Terry Donahue, the winningest coach in UCLA football history, dies at 77

Terry Donahue dominated more football matches at UCLA than some other mentor, setting up a blue-and-highest quality level for supported accomplishment over his 20 seasons at the school.

None of it would have been conceivable without what may have been his two biggest victories: having the opportunity to play for and mentor the Bruins.

As a small guarded tackle at first ignored by the school, inciting stops at San Jose State and L.A. Valley College, he went from assigned work on handling faker to two-year starter and individual from the school’s initially Rose Bowl title group.

As a mentor, he rose from an untested 31-year-old to an all-around regarded veteran, his 151 triumphs dramatically increasing the all out of any other individual in school history. His 98 Pacific 10 triumphs actually remain as the most in meeting history. Donahue, the interminably tanned, self-destroying, and apparently ever-enduring mentor who directed the Bruins to their longest run of football brilliance under a solitary mentor, kicked the bucket Sunday evening at his home in Newport Beach encompassed by family following a two-year fight with the disease, the school reported. He was 77.

UCLA had declared in May 2019 that Donahue went through a medical procedure for an undisclosed type of malignancy and was starting chemotherapy. Donahue is made due by his better half Andrea and three little girls, Nicole, Michele, and Jennifer, notwithstanding three children-in-law and 10 grandkids.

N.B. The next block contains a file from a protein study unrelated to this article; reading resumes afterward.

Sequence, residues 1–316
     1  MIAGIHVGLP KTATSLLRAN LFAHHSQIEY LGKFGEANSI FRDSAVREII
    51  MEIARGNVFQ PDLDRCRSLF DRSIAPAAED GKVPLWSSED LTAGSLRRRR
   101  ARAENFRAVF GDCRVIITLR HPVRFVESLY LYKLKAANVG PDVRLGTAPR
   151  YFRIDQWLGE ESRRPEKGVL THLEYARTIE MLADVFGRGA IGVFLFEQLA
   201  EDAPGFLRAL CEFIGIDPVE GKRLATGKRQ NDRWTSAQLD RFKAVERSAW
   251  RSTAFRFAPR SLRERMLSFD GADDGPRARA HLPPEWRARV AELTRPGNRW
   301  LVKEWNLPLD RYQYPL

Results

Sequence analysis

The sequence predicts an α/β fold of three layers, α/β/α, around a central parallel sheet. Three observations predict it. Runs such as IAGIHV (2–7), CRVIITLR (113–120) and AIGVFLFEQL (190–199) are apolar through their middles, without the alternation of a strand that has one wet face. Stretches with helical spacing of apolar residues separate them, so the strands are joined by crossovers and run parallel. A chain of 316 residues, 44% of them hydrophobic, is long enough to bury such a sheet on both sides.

Under Donahue, UCLA won four Pac-10 titles and tied for another. Donahue turned into the principal mentor to dominate a bowling match in seven straight seasons, and his group completed the position in the best 10 broadly multiple times.

It was a bewildering run of thriving for somebody whose modest beginnings in the game momentarily made him ponder a vocation as a fighter.

“I’m an overachiever,” Donahue said in the wake of going 9-2-1 out of 1976 during his first season as UCLA’s lead trainer, “and incredibly, … ah, normal. All things considered, ‘sorry’ is presumably the word I’m looking for.”

Donahue’s groups were everything except despicable. In his first game as a mentor, the Bruins upset third-positioned Arizona State, and amazing Sun Devils mentor Frank Kush, 28-10, in Tempe, Ariz., however solely after Pepper Rodgers, Donahue’s UCLA archetype, mitigated the anxious youngster mentor.

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